“My mindset has probably improved a bit," he answered. "Mentally I deal with things different or approach certain things differently.

"The desire is just as great as it was when I fought Joshua but I’m in better shape physically and mentally. I’m living a better life. I’m training properly. My training team is much more together.

"Last time when I fought Joshua I had started working with Jonathon Banks, following (Wladimir) Klitschko around. I never had enough time to prepare. You can’t really do that, so everything’s changed. My whole game is changed.”

p1cj8sl9ljnjm7tl1m9f174hh1fr.jpg

Now he risks it all in a high-stakes clash against a man who took Joshua the distance, but not to the well, back in March. Joseph Parker will arrive in London as confident as he has ever been.

Parker told GiveMeSport that he will be more aggressive and will look to make a statement, hopefully knocking Whyte out. Dillian Whyte says he’s heard it all before and doubts we will see anything different from the Parker who went the distance in lacklustre fashion against Joshua and, prior to that, Hughie Fury.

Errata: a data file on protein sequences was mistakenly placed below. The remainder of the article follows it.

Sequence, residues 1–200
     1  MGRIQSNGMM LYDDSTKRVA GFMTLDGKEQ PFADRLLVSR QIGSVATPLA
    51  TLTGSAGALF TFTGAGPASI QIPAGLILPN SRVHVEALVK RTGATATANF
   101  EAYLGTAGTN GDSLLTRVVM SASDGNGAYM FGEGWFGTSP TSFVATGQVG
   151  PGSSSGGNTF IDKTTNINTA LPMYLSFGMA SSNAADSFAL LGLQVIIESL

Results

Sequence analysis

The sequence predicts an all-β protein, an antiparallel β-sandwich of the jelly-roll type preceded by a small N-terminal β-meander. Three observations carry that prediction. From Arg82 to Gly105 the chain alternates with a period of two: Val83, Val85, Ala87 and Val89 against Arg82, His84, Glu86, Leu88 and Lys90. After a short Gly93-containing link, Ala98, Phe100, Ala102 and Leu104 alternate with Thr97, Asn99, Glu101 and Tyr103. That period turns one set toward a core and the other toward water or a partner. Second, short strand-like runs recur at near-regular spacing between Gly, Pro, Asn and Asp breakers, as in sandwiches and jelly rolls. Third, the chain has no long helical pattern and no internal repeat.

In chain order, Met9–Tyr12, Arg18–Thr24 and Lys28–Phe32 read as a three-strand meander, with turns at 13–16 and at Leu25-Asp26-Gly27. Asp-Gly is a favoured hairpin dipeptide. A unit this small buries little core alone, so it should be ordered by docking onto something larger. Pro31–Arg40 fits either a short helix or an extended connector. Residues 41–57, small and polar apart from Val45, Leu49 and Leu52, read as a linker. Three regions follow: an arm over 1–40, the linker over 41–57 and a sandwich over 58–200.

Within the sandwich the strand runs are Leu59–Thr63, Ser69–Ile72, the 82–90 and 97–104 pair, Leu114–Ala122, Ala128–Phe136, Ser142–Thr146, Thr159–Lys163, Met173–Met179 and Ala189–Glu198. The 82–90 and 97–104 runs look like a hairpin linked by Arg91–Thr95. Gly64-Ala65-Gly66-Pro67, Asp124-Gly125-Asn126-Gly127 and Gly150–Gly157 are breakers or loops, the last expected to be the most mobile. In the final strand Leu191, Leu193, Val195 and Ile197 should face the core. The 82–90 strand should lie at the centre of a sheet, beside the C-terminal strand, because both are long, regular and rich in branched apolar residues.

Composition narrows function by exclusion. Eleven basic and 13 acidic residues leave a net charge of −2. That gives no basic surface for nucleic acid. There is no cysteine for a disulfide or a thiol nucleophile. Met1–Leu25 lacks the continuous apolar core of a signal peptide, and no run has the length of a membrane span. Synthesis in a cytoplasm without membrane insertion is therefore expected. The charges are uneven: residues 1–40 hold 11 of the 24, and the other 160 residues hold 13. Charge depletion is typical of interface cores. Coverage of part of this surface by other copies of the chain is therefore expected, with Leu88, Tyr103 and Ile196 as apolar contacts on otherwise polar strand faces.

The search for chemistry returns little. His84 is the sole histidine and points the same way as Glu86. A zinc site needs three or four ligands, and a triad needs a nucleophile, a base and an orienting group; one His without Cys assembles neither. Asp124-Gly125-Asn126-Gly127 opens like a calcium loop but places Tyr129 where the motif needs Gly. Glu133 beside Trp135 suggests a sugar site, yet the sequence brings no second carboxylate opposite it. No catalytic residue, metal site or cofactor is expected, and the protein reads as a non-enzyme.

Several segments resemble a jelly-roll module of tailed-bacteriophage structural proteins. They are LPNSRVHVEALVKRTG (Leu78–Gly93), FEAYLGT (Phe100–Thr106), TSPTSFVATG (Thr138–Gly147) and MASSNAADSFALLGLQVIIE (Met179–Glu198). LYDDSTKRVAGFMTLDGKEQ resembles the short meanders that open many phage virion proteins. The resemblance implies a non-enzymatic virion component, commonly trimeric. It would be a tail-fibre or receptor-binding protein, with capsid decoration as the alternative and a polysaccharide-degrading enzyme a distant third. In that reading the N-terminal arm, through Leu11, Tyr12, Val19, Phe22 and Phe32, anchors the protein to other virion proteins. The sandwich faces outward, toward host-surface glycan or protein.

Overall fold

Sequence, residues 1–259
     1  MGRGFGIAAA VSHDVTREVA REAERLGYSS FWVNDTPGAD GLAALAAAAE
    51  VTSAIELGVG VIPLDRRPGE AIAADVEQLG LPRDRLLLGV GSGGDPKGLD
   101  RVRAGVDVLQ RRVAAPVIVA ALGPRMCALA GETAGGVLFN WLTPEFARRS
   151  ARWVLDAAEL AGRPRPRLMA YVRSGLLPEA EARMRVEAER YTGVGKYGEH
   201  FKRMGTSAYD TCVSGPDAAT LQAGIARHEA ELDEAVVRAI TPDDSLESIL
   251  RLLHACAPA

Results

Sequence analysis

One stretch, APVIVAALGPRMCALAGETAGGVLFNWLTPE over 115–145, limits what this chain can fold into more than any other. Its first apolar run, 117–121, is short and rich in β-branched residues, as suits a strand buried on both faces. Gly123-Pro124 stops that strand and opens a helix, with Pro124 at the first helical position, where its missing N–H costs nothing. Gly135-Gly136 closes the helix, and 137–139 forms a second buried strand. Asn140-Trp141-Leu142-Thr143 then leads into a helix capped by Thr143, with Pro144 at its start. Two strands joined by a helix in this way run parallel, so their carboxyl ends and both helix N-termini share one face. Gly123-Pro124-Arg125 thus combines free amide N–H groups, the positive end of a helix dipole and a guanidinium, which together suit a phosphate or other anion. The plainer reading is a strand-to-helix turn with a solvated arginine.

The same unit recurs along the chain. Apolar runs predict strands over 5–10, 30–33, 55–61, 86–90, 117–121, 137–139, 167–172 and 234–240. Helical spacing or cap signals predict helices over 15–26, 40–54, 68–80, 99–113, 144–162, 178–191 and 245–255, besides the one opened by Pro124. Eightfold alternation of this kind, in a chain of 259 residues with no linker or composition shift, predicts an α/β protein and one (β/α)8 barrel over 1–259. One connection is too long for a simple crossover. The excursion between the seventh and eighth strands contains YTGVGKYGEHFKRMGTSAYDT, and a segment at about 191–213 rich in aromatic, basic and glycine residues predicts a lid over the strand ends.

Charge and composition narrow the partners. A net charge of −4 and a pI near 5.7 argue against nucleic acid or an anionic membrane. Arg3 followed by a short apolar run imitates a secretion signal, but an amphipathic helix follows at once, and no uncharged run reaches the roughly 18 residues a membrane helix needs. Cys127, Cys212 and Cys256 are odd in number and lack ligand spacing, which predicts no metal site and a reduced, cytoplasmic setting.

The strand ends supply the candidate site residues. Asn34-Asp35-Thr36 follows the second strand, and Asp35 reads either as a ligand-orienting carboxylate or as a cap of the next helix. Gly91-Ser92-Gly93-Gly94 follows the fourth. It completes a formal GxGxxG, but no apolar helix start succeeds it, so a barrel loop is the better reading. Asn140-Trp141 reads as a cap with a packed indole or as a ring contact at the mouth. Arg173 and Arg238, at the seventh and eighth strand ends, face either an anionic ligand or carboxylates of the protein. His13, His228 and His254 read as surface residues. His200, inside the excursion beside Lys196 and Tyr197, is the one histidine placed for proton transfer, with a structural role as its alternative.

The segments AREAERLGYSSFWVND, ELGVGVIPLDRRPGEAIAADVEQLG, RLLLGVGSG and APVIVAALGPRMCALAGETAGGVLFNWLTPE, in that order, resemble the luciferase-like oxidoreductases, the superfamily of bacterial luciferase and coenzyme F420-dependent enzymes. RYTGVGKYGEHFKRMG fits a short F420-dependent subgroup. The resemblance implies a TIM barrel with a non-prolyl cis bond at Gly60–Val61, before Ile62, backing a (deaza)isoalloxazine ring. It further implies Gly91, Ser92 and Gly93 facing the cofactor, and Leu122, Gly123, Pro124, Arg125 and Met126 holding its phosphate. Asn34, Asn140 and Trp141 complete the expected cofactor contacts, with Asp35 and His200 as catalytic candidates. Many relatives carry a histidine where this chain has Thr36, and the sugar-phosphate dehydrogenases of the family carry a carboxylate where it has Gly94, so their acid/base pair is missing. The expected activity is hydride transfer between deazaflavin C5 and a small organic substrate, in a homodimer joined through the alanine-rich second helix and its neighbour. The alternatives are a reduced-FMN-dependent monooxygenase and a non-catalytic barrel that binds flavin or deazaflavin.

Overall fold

“If he didn’t come to fight against Joshua, which is the biggest fight of his career, probably going to be the biggest fight ever of his career, what’s he going to change now?” said a defiant Whyte.

“He could have come back and had an easier fight, but he didn’t, I respect him for that. But Parker and his team, they just talking. They’re just trying to get me into a false sense of security where I expect them to come and trade, and then they come and try and out-box me and move on the outside, and then I fight different.

"I understand, I know how the game goes. I’ve been around it long enough now.

“Who knows. They might surprise us, and he might come out and go for it in the first couple of rounds. Don’t get me wrong I’m expecting him to have a go here and there but I don’t expect Parker to try and come and mix it with me in the centre of the ring, because if he does that he gets dropped early.”

And should Whyte do that you can expect the wheels to turn very quickly for a rematch between himself and Joshua next year.